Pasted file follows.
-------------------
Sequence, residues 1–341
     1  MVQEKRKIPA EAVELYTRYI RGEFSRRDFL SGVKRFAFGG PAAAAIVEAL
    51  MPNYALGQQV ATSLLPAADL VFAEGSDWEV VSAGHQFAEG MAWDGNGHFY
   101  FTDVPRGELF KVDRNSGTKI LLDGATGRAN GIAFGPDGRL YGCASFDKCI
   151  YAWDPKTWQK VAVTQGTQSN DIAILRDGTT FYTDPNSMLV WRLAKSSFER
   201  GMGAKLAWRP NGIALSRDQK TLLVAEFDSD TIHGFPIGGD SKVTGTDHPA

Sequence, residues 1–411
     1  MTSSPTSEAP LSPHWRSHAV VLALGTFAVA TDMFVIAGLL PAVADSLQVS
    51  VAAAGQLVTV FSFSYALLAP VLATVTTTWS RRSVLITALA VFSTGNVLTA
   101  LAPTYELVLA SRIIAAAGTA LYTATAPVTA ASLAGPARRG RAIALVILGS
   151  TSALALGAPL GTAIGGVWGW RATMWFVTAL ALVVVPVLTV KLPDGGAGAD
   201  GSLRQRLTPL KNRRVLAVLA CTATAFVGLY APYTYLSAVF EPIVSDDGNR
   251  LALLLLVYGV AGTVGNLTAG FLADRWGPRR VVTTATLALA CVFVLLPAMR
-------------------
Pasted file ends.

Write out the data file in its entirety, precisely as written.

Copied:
Sequence, residues 1–341
     1  MVQEKRKIPA EAVELYTRYI RGEFSRRDFL SGVKRFAFGG PAAAAIVEAL
    51  MPNYALGQQV ATSLLPAADL VFAEGSDWEV VSAGHQFAEG MAWDGNGHFY
   101  FTDVPRGELF KVDRNSGTKI LLDGATGRAN GIAFGPDGRL YGCASFDKCI
   151  YAWDPKTWQK VAVTQGTQSN DIAILRDGTT FYTDPNSMLV WRLAKSSFER
   201  GMGAKLAWRP NGIALSRDQK TLLVAEFDSD TIHGFPIGGD SKVTGTDHPA

Sequence, residues 1–411
     1  MTSSPTSEAP LSPHWRSHAV VLALGTFAVA TDMFVIAGLL PAVADSLQVS
    51  VAAAGQLVTV FSFSYALLAP VLATVTTTWS RRSVLITALA VFSTGNVLTA
   101  LAPTYELVLA SRIIAAAGTA LYTATAPVTA ASLAGPARRG RAIALVILGS
   151  TSALALGAPL GTAIGGVWGW RATMWFVTAL ALVVVPVLTV KLPDGGAGAD
   201  GSLRQRLTPL KNRRVLAVLA CTATAFVGLY APYTYLSAVF EPIVSDDGNR
   251  LALLLLVYGV AGTVGNLTAG FLADRWGPRR VVTTATLALA CVFVLLPAMR